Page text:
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6 Tips to Tackle Your Firm’s Top Issues

Word cloud 2Throughout the year, I talk with practitioners from around the country to understand their pain points. They’re often relieved to hear that other firms are grappling with similar issues and the challenges they face are among the top concerns for the profession as a whole. These discussions help inspire the solutions my team -- the AICPA Private Companies Practice Section (PCPS) -- creates for our firm members. Another important source of information for practitioners and the AICPA is the PCPS 2015 CPA Firm Top Issues Survey, which gathers information from practitioners nationwide to identify the concerns at the top of firm leaders’ agendas.

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Helping Your Clients in a Difficult Time: The Tax Treatment for Alzheimer’s

Elderly ladyMany CPA financial planners have had the heartbreaking experience of seeing a client, or a client’s loved one, end up in an assisted living, skilled nursing or memory care facility due to cognitive decline. Although this is a difficult time for the patient’s family, CPA planners and tax practitioners are in a unique position to help them understand the tax treatment and possible deductions for expenses incurred at these facilities.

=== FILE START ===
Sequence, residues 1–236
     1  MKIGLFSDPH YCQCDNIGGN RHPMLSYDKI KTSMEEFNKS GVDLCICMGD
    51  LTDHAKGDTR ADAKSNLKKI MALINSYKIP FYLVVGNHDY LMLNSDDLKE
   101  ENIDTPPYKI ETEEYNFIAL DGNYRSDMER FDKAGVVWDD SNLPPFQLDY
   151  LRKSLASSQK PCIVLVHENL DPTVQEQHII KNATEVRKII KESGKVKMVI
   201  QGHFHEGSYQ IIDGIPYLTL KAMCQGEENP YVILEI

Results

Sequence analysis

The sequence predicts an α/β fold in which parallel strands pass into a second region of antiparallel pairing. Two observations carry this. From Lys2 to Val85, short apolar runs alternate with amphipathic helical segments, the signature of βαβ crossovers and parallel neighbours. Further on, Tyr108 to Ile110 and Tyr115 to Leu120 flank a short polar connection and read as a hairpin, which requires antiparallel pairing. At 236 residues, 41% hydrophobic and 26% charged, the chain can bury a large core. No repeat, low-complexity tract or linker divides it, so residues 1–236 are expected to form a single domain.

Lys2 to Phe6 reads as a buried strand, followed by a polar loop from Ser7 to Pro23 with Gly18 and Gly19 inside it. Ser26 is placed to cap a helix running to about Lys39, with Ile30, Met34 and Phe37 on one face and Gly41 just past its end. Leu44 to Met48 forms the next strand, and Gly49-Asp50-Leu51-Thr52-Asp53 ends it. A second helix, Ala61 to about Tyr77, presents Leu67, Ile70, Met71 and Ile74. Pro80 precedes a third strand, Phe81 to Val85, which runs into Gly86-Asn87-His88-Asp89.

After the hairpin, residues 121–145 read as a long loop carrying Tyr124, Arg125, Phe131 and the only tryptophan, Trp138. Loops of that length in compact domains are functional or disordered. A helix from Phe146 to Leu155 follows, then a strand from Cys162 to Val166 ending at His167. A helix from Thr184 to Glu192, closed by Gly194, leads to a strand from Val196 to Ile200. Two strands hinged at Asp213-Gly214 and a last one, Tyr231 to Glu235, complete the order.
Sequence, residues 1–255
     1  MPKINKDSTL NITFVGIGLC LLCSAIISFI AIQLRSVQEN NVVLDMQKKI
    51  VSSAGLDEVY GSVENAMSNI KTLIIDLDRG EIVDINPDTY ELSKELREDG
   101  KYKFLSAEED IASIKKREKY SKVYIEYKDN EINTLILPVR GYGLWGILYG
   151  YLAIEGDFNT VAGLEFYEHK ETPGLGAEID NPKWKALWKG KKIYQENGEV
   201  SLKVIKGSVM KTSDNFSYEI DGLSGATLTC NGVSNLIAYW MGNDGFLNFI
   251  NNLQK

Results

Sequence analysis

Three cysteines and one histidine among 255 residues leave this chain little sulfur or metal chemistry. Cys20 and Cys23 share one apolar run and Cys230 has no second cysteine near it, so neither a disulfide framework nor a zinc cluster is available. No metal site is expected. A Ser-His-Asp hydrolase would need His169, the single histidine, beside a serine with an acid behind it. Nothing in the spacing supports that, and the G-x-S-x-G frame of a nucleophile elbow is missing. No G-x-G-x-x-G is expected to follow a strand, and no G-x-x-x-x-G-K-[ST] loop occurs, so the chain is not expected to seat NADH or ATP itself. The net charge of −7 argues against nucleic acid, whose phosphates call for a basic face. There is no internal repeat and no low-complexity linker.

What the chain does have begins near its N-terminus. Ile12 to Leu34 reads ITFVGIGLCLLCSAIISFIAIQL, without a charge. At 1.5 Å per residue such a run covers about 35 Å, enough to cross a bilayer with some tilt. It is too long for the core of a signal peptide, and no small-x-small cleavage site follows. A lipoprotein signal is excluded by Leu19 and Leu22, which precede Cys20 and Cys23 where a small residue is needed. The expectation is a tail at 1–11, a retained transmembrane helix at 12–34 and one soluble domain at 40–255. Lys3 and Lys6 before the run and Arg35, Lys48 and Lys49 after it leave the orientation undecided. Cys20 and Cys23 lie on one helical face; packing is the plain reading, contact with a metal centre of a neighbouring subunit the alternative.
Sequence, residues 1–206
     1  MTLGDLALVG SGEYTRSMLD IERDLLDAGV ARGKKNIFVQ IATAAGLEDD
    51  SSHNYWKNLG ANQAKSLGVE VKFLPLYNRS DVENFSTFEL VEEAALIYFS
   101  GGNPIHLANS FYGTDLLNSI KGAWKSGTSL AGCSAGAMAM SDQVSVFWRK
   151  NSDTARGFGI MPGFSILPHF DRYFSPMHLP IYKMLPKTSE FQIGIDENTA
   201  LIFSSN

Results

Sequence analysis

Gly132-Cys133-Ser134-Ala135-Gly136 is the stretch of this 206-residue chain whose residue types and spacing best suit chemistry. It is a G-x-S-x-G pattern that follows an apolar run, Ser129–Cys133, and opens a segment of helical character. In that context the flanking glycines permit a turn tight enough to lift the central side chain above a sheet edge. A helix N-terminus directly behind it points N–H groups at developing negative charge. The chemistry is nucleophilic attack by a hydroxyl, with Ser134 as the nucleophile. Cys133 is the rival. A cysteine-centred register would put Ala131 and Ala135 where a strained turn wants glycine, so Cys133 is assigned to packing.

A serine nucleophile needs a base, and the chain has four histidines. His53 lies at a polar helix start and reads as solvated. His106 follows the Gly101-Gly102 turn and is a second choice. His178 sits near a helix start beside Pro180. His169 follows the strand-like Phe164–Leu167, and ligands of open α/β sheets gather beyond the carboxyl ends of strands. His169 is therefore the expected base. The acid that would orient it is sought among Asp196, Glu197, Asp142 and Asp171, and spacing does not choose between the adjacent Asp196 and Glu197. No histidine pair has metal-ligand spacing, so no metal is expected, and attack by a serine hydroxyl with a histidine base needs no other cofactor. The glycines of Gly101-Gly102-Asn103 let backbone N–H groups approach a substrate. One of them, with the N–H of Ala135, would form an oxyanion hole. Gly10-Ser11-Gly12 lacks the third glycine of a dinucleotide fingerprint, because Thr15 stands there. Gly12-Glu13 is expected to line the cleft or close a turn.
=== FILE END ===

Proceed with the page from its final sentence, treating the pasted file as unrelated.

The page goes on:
Alzheimer’s, a type of dementia and a degenerative disease that leads to death, is one of the most common examples of cognitive decline. At advanced stages, the patient can no longer live safely on his or her own, and may have to move into a care facility. If certain conditions are met, the cost of living at the facility, including room and board, is deductible as a healthcare expense. For those aged 65 and older, medical expenses must exceed 7.5% of adjusted gross income in 2015 and 2016 in order to be deductible. The threshold increases to 10% in 2017.